Here is an in-depth, position-by-position breakdown of the draft prospects as they prepare for the 2009 NFL Scouting Combine in Indianapolis.
It isn't a strong year for quarterbacks, especially when you consider that the top two candidates, Matthew Stafford and Mark Sanchez, are underclassmen under 6-foot-3, and each has a glaring weakness. Stafford had a career completion rate under 60 percent at Georgia, and Sanchez made just 16 starts at USC. There is plenty of risk for teams who are at the top of the draft and need a quarterback to build a franchise around over the next 10 years.
The third quarterback on most lists, Josh Freeman, also is a junior, and he might work his way into the bottom of the first round because of his strong arm and height (6-6), but he also has issues surrounding his game.
Running backs are coming out of school more NFL-ready because of the amount of passing in the college game. These backs understand protection schemes and have run more routes than backs did five years ago. The Eagles, Cardinals, Bengals, Broncos and Chargers are sure to pay attention when these guys work out.
Recently, fullbacks have been a bit of a dying breed in the NFL. However, the Ravens' success with their heavy package in 2008 might change teams' philosophy toward the position.
Physical issues surround three of the next four tight ends, so the medical segment of the combine should go a long way to clear up the tight end pecking order. Missouri's Chase Coffman has had foot issues for the past two years, but at 6-6 and 250 pounds, he could be a matchup nightmare in the NFL. Keep a close eye on Florida's Cornelius Ingram, who missed his senior season because of a torn anterior cruciate ligament, and Wisconsin's Travis Beckum, who missed half of the 2008 season with a broken leg.
As is the case at running back, underclassmen strengthened the wide receiver position in the 2009 draft. At least six players left school early, a group led by Michael Crabtree. He caught 231 balls in two seasons at Texas Tech and has decided not to run at the combine. It remains to be seen how many of the other top wideouts follow suit and not run.
There are speed receivers (Jeremy Maclin, Percy Harvin and Darrius Heyward-Bey) who should all be close to dipping under 4.4 seconds in the 40-yard dash. There also are receivers who possess great size (Hakeem Nicks and Kenny Britt). Any team in need of a receiver will love the talent pool available in the first two rounds of the draft. The Ravens, Bears, Jets, Seahawks, Giants, Raiders, Chiefs and Titans all will have a shot at a good player.
Last year's draft was great for first-round talent at offensive tackle. This year's group isn't quite as deep, but by most standards, it's another excellent crop.
As many as four tackles could be taken in the top 10 picks of the draft, and the combine should be another step toward sorting out the group, which includes Eugene Monroe, Michael Oher, Jason Smith and Andre Smith. Closing in on the top four is Eben Britton, who shouldn't make it out of the first round. Another small wave of tackles could come off the board in the second round.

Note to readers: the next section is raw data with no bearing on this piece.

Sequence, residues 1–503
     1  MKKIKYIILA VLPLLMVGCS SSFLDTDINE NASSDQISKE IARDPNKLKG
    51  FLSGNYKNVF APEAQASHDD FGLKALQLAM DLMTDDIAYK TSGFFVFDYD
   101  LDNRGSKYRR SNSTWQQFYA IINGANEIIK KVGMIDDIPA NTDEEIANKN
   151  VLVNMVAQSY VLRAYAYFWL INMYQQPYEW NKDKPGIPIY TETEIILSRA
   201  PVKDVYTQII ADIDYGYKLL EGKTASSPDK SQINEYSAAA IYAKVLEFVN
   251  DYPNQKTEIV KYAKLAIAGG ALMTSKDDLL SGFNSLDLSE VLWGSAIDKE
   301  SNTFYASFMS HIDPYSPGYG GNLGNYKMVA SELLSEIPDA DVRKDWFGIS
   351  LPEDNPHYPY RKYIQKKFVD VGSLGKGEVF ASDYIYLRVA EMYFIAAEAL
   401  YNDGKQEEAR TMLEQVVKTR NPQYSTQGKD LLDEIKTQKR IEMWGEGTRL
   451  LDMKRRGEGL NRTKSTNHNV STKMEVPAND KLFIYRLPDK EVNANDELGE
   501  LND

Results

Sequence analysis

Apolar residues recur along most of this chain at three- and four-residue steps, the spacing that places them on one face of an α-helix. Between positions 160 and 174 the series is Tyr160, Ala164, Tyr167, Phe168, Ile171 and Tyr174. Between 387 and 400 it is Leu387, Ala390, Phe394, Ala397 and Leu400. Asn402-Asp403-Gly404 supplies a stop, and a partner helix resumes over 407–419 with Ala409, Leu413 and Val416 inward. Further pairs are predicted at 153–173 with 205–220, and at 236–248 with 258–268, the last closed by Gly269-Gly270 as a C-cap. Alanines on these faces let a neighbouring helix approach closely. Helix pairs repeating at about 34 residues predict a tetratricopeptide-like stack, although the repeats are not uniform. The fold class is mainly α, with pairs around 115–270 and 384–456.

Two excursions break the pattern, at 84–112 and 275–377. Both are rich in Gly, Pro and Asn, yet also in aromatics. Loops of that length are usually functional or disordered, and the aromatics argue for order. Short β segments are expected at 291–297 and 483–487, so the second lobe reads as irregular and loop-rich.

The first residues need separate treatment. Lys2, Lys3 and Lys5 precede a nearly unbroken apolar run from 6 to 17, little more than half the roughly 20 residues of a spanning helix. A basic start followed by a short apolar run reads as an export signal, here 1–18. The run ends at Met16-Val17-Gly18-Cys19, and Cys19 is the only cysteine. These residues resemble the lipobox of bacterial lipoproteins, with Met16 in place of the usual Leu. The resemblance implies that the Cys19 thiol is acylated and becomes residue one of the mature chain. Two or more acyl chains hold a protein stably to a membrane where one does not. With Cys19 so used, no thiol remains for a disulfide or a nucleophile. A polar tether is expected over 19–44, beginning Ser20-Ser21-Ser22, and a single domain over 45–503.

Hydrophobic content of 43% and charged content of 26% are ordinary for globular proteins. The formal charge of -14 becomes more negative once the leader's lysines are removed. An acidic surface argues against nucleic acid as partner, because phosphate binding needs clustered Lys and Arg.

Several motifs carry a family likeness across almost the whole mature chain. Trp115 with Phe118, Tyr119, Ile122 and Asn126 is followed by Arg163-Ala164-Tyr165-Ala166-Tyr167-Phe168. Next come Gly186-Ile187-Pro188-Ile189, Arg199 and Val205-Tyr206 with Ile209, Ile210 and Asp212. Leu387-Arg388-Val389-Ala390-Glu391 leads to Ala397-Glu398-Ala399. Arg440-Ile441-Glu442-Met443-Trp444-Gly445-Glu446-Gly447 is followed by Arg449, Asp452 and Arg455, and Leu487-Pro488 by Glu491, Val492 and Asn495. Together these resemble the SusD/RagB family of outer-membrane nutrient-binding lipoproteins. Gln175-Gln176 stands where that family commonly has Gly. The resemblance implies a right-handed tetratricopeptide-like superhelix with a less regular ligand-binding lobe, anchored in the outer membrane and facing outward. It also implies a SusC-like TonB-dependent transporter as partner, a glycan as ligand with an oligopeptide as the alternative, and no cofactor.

It's not a year for first-round guard talent, but it rarely ever is.
Because of the number of teams looking for 3-4 outside linebackers and 4-3 right defensive ends, combine position work is a critical component to separating the players in this group.
Finding a 4-3 left defensive end big enough to play the off-tackle run and skilled enough to rush the passer is becoming tougher every year. Tyson Jackson and Jarron Gilbert might be the leading candidates after the combine workouts. When it comes to 3-4 defensive ends, teams might look at defensive tackles instead.
Defensive tackle is such a position of need around the NFL that it will be critical to watch which players emerge at the combine. At least one other player will sneak into the bottom of the first round, and anyone who comes out of Indianapolis with a good height-weight-speed ratio and some solid agility in the drills will improve their stock.
This position is intermingled with the defensive ends because of schemes. There should be a buzz in Indianapolis when Aaron Curry works out. He skipped the Senior Bowl, but he told me he will compete in every event at the combine. He also told me his agent talked him out of playing in the Senior Bowl, so let's hope he doesn't do the same thing in Indianapolis.
There's four years of game tape and a solid Senior Bowl performance on Brian Cushing, so his combine workout will be a bit anticlimactic. However, there is plenty of interest in underclassman Aaron Maybin. He might have needed another year at Penn State, but he'll be in Indianapolis, where many teams will evaluate him.
Cornerbacks usually come into Indianapolis and light up the 40-yard dash and short shuttle. There should be a number of 4.3-second 40 times and a few guys dipping under the 4.0-second mark in the shuttle.
The 2009 safety pool will not go down as one of the richest in draft history. It's quite possible that no safety will come out of the combine with a first-round grade. However, there should be a solid run on strong and free safeties in the second round of the draft.